Of the white American male fiction writers publishing today, there are two who self would gladly read over and over again: Jim Harrison and George Saunders.
Self has read three books by Jim Harrison. He is a poet, a poet of violence. Self will not ruin dear blog readers’ breakfasts by recounting a particularly gruesome episode in one of his novellas. Let’s just say, it involves a severed hand.
Yesterday, while perusing the Books section of the Chronicle, self discovered that Harrison has a new book out. It’s called, with poetic simplicity, Brown Dog. Here is how it begins:
Just before dark at the bottom of the sea I found the Indian.
According to the reviewer, William S. Kowinski, the title character (“Brown Dog”) involves himself in “salvaging a dead Indian in full regalia preserved in the cold, deep waters of Lake Superior, and the struggle over ancient burial grounds with some wily and ambitious young anthropologists that drives the narrative . . . “
Another book reviewed in yesterday’s Chronicle is by a writer self has never read: Aminatta Forna. The novel is called The Hired Man, and the plot is this: A young Englishwoman comes to a Croatian village in the hope of refurbishing a property she owns. That’s where the “hired man” of the title comes in.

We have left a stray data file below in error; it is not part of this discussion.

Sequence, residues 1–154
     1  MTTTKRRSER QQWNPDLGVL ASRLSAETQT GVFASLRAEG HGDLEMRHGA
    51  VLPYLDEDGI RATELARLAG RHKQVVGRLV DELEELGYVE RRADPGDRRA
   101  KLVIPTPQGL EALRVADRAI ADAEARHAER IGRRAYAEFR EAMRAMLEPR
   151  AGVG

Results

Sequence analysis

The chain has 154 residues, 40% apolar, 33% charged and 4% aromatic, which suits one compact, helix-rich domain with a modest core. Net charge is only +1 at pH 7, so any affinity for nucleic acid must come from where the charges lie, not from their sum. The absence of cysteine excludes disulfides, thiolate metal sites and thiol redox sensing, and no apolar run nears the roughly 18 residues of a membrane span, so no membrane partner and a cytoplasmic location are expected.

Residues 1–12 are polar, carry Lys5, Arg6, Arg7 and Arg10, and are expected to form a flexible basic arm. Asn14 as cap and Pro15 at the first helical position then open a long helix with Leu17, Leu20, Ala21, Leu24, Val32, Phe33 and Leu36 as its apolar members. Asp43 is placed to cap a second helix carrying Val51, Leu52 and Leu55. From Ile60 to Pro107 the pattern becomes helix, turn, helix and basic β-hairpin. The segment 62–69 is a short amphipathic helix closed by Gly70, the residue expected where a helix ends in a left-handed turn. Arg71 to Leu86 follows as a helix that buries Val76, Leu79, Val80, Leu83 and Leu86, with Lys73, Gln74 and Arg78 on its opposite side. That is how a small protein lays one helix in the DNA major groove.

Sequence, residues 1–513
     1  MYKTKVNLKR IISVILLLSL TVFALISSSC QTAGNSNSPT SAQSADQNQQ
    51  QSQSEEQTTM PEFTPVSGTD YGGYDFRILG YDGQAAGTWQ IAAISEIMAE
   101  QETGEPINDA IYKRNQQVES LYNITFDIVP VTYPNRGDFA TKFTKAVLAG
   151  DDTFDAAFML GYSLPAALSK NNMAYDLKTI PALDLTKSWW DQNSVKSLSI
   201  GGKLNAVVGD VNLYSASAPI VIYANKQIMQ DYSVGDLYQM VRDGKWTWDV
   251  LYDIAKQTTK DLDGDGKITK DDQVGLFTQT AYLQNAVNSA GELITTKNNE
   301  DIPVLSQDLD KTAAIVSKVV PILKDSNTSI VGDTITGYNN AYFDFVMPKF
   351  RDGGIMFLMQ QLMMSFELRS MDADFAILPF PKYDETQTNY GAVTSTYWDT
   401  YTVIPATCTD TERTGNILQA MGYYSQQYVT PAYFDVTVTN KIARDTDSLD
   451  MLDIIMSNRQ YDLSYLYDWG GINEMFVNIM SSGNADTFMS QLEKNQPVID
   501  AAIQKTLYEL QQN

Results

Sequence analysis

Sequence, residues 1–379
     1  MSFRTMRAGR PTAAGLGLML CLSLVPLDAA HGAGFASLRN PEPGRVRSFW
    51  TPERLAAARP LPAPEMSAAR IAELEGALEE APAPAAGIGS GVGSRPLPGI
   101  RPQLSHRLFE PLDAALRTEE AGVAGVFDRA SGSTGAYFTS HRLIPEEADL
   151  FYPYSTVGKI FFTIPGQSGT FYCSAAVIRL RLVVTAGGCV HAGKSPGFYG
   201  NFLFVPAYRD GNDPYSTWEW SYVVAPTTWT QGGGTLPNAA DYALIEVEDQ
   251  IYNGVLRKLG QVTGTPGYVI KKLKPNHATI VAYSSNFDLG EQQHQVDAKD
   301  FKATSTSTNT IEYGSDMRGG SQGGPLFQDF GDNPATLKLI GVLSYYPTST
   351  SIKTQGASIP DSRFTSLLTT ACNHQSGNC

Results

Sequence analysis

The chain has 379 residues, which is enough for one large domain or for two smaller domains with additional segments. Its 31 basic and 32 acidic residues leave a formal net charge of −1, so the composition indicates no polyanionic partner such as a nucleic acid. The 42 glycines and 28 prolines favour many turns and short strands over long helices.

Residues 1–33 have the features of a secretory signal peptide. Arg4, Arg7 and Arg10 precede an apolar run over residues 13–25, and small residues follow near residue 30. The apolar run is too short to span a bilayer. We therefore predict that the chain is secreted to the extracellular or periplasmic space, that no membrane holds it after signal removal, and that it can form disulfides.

Since the hired man’s name is Duro, and he is the one narrating this novel, self fears for the safety of the Englishwoman. Duro, after all, was the name of that slave boy in the series “Rome,” the one who tried to murder Atia by slipping poison into her food.
According to the reviewer, Forna was “born in Scotland . . . moved as a baby with her family to Sierra Leone, where her father worked as a doctor and political activist. In 1970, he was arrested on trumped up charges of treason. Five years later, he was hanged. In her 2003 memoir, The Devil That Danced on the Water, Forna returned to Sierra Leone to interview the man who testified falsely against his father.”
Self is most interested to read the memoir.
Stay tuned, dear blog readers. Stay tuned.